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Captain of 214-footer was drunk at helm

The Coast Guard feared the ship had been hijacked because of his strange behavior

The Coast Guard feared the ship had been hijacked because of his strange behavior

A Hungarian captain was fined $3,000 and ordered not to operate a vessel in U.S. waters for a year after he was convicted of operating a commercial vessel while under the influence of alcohol.

A Sea Marshal boarding team arrested 52-year-old Janos Gyori Jan. 11 while investigating the 214-foot freighter General Lee for possible security and safety violations about 10 miles off Virginia Beach, Va. Officers say they smelled alcohol on the captain’s breath and conducted six sobriety tests, which he failed, according to the Coast Guard. Gyori was arrested after he refused a breath test. Under federal law a person refusing a chemical test is considered intoxicated, says Coast Guard spokesman Jerry Crooks.

Gyori told authorities during the trial that he drank four beers and part of another the night before he took the helm of the vessel at 4 a.m. Crooks says they found a case of beer in his quarters, a half-empty can in the refrigerator, and several empty cans in the trash.

Under federal law mariners are prohibited from operating a commercial vessel while impaired — having a blood alcohol level higher than .04. They also are prohibited from drinking within four hours of taking the helm, according to the Coast Guard.

“Commercial vessels are held to a higher standard under U.S. regulations for very good reasons,” says Bob O’Brien, captain of the Port of Hampton Roads, in a statement. “This vessel … would have passed through the Chesapeake Bay Bridge Tunnel, Hampton Roads Bridge Tunnel and Monitor-Merrimac Bridge Tunnel. The master’s intoxicated state put his vessel and the port at high risk of a serious accident.”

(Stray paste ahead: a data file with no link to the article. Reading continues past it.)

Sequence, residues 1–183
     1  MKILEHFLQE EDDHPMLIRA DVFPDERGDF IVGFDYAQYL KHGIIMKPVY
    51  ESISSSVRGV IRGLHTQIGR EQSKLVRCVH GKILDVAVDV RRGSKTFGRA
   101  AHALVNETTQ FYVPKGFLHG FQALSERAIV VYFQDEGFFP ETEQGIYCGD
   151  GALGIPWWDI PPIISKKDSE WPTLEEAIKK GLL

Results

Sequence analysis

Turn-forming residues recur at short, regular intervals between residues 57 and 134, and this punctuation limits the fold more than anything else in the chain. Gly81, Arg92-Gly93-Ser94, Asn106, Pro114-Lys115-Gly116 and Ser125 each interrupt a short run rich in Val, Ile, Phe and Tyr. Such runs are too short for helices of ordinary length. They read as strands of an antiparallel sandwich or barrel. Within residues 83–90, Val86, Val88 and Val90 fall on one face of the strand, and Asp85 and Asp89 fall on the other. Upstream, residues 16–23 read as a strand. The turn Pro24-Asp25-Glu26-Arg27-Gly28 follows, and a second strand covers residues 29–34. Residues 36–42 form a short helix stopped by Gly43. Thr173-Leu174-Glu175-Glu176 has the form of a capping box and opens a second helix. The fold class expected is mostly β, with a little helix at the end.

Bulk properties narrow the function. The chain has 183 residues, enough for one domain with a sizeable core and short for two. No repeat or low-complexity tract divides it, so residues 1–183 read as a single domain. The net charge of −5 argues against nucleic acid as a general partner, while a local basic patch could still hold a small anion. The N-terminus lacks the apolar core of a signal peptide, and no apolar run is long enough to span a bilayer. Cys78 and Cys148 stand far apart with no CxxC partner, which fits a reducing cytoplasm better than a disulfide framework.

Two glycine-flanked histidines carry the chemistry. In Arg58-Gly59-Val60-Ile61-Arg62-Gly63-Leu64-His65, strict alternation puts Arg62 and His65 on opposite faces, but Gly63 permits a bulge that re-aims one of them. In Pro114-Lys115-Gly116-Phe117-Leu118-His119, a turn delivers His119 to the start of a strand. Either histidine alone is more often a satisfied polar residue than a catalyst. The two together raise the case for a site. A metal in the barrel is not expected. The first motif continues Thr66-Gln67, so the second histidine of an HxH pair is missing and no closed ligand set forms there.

The General Lee was flagged for boarding even before it entered port and was told to stay 12 miles offshore, says Crooks. But the freighter continued past the 12-mile mark, and when contacted by radio the captain was somewhat incoherent, according to Crooks. Crooks says the team feared the captain wasn’t in control of his vessel, such as in a hijacking. “Our initial concern was security,” says Crooks. “The master was confused and unable to give a straight answer.”

The Coast Guard detained the General Lee until the shipping company could send a new captain. The vessel was detained offshore the following day as well, because the crew failed a fire drill. The empty cargo ship eventually was allowed into port to load a shipment of fertilizer, then departed, according to the Coast Guard.

The incident wasn’t the General Lee’s first brush with the Coast Guard. The vessel earlier had been detained for safety violations in Savannah, Ga., where it offloaded tree stumps, according to Crooks. The ship is operated by Deep South Shipping, which is owned by Oahu Maritime Corp.

Late last year the Greek master of a 580-foot commercial freighter pleaded guilty to operating a vessel while intoxicated. Nikolaos Zografos was arrested at St. John’s Buoy, near Reserve, La., after contract workers cleaning cargo holds informed the Coast Guard that it appeared he had been drinking. Breathalyzer tests confirmed he was intoxicated.